A major decision the Supreme Court took in the IPL spot-fixing case was to strike down the controversial BCCI rule amendment that allowed former president N Srinivasan to buy a franchisee. The new BCCI regime has taken the first step to improve its image, asking members to sign a ‘no conflict of interest’ undertaking.
In this interview, the BCCI secretary Anurag Thakur promises to ring in the changes. Excerpts:
How challenging is the situation for the BCCI?
The last few years have been turbulent. We respect the Justice RM Lodha committee’s verdict. In the last four months, we have taken many steps to bring more transparency and accountability.
Why does BCCI have such a negative image?
Cricket is so popular in India, so you have to be careful as every act of yours is under scrutiny. There should not be any conflict of interest or individual interest involved. Once you are above that, everything will fall into place. Every act of yours thus creates a right or wrong perception about BCCI or about cricket. It’s very important that every step we take is in the right direction.
Is conflict of interest the reason for BCCI’s image taking a hit?
You can’t expect people to sit on the Board and have certain interests. We want to make it clear that no one in the Board should have any commercial interest that can impact BCCI’s working.
Recently, a newspaper reported that Virat Kohli has commercial interests in a company?
I am not aware of that. But players will also have to sign this conflict of interest declaration. We have sent this document to everyone. We are waiting for their feedback. Let us get that, we will then take a step further. We have taken the first step.
IPL chairman Rajeev Shukla has said the Lodha panel’s order suspending two teams is not a black mark.
By the act of two individuals, you can’t say the whole league is bad. If you look at IPL in the last few years, we have provided a platform for up-and-coming cricketers to play with iconic players. Even ex-cricketers, almost 900 of them, get Rs 15,000 per month, which no other cricket body gives in the world. Ex-cricketers get to work with IPL franchisees, TV, newspapers; these are the opportunities IPL gives.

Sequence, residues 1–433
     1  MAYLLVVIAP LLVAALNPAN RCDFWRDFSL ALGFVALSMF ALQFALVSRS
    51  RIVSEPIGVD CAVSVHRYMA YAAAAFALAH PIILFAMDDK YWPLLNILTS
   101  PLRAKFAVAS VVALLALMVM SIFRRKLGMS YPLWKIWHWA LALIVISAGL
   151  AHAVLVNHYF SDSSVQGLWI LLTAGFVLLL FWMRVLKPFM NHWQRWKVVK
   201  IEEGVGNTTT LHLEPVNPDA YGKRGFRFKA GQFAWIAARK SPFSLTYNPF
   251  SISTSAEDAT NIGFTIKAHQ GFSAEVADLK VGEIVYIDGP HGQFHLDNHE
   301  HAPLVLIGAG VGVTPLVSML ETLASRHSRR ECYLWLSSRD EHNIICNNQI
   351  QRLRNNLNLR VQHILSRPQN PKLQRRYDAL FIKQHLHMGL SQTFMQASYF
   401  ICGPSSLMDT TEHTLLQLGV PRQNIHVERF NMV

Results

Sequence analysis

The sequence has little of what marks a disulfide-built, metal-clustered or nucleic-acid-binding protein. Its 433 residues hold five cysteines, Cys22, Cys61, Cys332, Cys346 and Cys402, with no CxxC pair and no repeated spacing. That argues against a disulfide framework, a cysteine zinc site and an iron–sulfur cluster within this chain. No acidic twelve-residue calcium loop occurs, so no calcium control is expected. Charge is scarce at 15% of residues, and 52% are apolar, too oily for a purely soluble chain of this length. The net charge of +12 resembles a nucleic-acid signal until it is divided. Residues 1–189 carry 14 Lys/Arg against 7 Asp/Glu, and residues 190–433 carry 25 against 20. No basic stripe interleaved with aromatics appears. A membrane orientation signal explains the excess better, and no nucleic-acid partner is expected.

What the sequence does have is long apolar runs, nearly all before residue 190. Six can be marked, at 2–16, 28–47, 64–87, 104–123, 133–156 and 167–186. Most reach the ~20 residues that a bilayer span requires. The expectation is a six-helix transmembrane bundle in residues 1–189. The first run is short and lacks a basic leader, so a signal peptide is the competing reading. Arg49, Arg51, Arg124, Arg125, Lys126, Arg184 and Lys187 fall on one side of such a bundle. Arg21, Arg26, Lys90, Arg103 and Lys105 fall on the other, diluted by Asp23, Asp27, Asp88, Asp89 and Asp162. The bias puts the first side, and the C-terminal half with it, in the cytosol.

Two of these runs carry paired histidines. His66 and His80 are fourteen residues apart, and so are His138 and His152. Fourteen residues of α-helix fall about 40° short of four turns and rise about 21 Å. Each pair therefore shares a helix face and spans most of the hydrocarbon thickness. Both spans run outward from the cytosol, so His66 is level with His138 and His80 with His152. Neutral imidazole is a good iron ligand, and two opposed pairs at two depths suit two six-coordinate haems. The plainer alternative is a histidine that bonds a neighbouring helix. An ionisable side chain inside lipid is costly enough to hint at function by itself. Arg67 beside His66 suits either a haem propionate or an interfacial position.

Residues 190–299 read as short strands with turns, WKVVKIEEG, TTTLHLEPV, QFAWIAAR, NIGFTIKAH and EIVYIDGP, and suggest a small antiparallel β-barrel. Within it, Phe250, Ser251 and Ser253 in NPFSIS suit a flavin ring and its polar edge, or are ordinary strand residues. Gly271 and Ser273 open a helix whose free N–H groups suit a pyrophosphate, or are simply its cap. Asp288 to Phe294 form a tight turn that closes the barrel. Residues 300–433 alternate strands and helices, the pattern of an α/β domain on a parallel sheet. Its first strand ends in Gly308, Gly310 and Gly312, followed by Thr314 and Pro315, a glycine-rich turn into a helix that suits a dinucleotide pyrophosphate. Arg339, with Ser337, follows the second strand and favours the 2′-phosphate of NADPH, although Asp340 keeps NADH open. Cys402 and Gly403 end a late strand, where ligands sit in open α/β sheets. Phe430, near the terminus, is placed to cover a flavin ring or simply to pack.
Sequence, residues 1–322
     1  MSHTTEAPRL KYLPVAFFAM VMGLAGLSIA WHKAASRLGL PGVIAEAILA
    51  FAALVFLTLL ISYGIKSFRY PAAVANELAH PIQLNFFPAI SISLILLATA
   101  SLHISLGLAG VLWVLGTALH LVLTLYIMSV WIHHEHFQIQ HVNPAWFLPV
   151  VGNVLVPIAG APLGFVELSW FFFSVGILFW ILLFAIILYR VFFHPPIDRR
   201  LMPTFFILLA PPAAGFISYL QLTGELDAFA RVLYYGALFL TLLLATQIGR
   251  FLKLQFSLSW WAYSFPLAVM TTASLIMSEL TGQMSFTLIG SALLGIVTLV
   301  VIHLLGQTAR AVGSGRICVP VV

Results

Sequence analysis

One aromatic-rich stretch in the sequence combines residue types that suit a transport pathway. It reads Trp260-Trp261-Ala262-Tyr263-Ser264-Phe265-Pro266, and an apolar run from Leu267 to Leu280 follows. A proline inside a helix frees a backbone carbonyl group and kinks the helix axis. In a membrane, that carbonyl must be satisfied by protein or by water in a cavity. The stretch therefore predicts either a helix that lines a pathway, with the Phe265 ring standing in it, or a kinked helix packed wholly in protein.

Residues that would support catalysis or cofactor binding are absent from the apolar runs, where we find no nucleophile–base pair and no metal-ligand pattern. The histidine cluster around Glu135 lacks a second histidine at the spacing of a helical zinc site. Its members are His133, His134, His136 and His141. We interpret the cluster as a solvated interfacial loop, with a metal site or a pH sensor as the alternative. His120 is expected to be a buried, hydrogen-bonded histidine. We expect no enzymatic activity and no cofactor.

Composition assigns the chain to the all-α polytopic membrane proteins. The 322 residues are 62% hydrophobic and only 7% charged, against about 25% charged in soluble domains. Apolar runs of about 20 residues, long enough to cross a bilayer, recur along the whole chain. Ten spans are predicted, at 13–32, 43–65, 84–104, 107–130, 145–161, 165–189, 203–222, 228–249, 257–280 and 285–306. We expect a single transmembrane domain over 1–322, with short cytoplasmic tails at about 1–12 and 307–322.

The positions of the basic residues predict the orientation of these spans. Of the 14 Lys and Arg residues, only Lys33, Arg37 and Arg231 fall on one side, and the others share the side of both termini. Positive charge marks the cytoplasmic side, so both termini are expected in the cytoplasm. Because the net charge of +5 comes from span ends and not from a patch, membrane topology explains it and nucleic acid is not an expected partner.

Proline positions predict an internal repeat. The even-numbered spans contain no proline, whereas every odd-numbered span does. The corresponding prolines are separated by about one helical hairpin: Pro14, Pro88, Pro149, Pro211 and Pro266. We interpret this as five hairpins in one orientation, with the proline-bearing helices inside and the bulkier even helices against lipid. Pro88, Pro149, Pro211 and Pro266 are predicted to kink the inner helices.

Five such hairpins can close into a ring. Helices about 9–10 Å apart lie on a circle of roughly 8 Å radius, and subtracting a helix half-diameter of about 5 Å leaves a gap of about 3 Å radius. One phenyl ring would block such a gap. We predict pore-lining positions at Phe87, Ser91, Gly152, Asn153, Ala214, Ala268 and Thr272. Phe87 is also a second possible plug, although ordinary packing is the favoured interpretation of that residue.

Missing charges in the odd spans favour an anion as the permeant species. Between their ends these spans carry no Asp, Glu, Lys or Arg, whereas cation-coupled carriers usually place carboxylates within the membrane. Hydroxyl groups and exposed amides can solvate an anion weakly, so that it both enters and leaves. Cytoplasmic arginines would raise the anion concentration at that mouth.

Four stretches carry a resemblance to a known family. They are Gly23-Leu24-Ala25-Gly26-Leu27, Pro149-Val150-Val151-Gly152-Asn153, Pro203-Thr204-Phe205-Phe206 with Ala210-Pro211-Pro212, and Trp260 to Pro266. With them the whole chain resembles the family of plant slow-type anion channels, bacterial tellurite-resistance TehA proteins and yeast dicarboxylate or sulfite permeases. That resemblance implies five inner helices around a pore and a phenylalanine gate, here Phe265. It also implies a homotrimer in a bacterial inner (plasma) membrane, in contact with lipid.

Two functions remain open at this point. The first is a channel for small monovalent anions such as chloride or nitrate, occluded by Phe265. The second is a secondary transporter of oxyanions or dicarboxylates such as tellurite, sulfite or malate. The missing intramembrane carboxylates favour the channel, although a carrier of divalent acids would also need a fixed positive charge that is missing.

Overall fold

Lodha panel will suggest reforms in the BCCI. Do you think BCCI will enjoy the autonomy it did?
BCCI’s autonomy should be the same as earlier. We have done extremely well over the years. Let us wait for the Lodha committee to give its recommendations.
Even if it recommends to bring BCCI under the RTI Act?
Let the recommendations come. BCCI is the finest sports body, you can’t take that away.
There is a feeling Srinivasan still wields power and the working group is dominated by his men?
This is not true. If you look at the IPL governing council, you can’t take 12 people everywhere and hold meetings within the six weeks and implement the decision. It has to be a small working group that can work on a day-to-day basis, meet stakeholders and see how to implement the Lodha panel verdict. My priority is the IPL, players of the suspended teams. I don’t want domestic players to lose money or match because of someone else.
Earlier, BCCI never bothered about perception. Do you think BCCI should change its attitude?
This is important. If you take any decision in haste, it could prove costly. Look at the Kochi team case. For no fault of ours, BCCI has been asked to pay Rs 500 crore by the arbitrator.
You met Srinivasan at the ICC meeting in Barbados. Are you friends again?
On any platform, when you represent BCCI or ICC, you can’t be seen to be at loggerheads. And we give instructions to the BCCI representative on what line of action he should take. It is important to communicate that. I haven’t met him after Barbados.